The Ins and Outs of Performing for Children
If you’ve worked in live theatre long enough, you’ve more than likely dipped a toe into Theatre for Young Audiences (TYA). Educational programs are the bread and butter of many a theatre across the United States, and educational tours can be great gigs. Of course, performing for children can be a bit of a different beast if you’re not used to it. Here are some things you can expect when performing for young audiences.
Children are brutal…ly honest. If you’ve ever been tempted to blame a reticent audience for their lack of response, be prepared to be humbled by the ruthless critics that are children. Kids can sense a faker a mile away and are unforgiving of anyone phoning in a performance. For any hope of keeping their attention, you have to have twice the energy they have and commit one hundred percent. Kids will respond to honesty, and they will let you know when you don’t measure up. This can be a wonderful gift. With the right mindset, testing your work on children can be an incredible barometer for highlighting things to work on.
Say goodbye to the fourth wall. While it’s not a hard and fast rule by any means, interaction with the audience is hugely prevalent in children’s theatre. Whether it’s call and response, direct address, or a post-show discussion, chances are you’re going to be staring directly into the eyeballs of a tiny human at some point. Getting comfortable with crowd work and direct address will be hugely helpful. Mindset is crucial. If you’re trying to sell to them, or teach them or push them into responding it will fall flat. You have to find a way to connect with them as people.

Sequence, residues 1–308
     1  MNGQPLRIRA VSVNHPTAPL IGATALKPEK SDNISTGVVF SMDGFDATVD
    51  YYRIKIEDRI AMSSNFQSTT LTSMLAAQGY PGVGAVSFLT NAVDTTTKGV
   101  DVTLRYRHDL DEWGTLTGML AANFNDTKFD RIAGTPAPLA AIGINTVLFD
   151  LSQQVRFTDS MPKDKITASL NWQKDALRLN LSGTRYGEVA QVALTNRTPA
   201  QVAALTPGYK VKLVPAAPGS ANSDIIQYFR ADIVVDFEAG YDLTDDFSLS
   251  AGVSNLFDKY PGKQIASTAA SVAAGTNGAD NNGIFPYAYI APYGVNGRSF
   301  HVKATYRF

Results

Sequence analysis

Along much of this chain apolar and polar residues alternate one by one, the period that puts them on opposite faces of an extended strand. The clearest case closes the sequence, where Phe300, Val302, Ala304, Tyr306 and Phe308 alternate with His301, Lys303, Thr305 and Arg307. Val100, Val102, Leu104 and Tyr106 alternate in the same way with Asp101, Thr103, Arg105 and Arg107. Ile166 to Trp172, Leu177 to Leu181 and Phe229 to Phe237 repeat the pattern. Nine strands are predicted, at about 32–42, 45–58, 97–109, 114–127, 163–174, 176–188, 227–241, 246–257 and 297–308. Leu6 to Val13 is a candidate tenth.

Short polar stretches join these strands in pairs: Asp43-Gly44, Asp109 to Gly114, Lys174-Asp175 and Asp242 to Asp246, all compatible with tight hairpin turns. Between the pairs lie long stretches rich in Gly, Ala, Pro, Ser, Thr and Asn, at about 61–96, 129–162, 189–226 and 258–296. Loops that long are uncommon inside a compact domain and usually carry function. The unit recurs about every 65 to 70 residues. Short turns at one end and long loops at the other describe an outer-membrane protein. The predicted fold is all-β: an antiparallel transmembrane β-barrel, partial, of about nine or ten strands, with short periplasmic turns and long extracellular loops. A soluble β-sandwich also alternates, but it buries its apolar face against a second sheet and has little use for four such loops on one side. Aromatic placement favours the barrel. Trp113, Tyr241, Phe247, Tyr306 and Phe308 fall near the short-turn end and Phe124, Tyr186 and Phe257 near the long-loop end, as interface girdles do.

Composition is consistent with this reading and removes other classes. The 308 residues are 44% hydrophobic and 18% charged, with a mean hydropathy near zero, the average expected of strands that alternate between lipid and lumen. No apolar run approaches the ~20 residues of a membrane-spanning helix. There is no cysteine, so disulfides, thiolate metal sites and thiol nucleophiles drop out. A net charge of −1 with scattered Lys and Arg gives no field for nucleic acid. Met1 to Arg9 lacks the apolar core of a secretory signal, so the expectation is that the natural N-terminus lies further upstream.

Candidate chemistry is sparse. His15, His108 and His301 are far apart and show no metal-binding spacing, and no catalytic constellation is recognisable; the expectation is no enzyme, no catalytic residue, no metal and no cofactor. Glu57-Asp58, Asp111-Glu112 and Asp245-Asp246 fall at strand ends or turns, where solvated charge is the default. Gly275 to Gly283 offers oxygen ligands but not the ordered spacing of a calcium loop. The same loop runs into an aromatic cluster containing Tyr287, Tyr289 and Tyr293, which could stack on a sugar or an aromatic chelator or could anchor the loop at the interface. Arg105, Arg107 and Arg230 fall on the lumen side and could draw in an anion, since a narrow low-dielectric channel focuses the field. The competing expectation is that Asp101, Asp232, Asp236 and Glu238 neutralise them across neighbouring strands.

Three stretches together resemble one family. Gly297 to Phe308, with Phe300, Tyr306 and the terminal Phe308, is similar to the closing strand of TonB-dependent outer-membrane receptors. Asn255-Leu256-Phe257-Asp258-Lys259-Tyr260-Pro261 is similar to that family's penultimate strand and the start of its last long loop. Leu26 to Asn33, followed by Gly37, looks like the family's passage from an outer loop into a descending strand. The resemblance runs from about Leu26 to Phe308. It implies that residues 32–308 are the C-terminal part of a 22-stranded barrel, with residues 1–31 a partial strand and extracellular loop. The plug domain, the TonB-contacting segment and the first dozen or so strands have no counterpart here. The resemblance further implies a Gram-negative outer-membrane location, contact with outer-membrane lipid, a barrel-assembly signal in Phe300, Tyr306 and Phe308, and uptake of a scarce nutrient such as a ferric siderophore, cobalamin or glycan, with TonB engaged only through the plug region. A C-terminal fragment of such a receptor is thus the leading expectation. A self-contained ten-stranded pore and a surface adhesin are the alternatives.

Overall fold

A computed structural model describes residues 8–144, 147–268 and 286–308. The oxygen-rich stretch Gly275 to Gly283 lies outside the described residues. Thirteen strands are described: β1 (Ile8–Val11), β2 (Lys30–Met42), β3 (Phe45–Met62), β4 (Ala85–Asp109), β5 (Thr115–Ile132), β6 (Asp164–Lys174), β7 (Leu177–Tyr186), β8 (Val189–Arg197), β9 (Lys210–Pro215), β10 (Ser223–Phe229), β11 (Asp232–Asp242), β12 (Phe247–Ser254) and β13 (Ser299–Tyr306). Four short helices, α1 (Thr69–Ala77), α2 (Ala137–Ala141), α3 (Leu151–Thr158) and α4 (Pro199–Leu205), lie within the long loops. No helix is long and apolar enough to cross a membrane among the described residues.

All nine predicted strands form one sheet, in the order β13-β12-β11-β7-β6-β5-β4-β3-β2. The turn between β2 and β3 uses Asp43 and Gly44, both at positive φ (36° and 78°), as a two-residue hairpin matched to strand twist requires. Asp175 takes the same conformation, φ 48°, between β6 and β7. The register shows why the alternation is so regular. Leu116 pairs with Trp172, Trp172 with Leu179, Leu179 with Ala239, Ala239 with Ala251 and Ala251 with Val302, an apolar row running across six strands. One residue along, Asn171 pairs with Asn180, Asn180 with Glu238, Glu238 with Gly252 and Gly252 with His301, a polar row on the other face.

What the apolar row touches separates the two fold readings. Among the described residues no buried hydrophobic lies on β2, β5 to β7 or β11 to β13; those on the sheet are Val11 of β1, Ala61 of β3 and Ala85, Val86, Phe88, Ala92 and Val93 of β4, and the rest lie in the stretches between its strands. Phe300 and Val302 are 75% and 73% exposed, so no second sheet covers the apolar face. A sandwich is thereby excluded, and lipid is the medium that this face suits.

Technique and style. While there isn’t necessarily one set technique for performing for young audiences, there are certainly common themes. Emotions and expressions tend to be bigger, more energetic, to a point that would seem overdone in an evening performance. The trick is you still have to commit honestly. Just like with anything else, you must honor the tone of the script. And if the tone is ridiculous, you have to find a way to inhabit that genuinely. Often in children’s shows there is a little more room to put your own spin on things. Don’t be shy. Physical comedy will be your best friend if you make TYA a habit.
Stamina stamina stamina. This is going to be your most valuable skill. Touring shows might be short, but they often book multiple performances back to back. The mornings are early, the days are long, and the energy has to be there every single time. Hydrate, take care of yourself, and build your endurance.
Don’t lose sight of the point. While it can be exhausting work, bringing the arts to young kids can be incredibly rewarding. Often you’ll be performing for kids who may never have engaged with live performance before. That kind of introduction to the arts can be incredibly powerful. If you start to feel burnt out and bitter, try reconnecting with the kids. This is the kind of work you have to love. Love of the work alone can’t make TYA shows worth it, but it will certainly make it more fulfilling, and make you a better performer.
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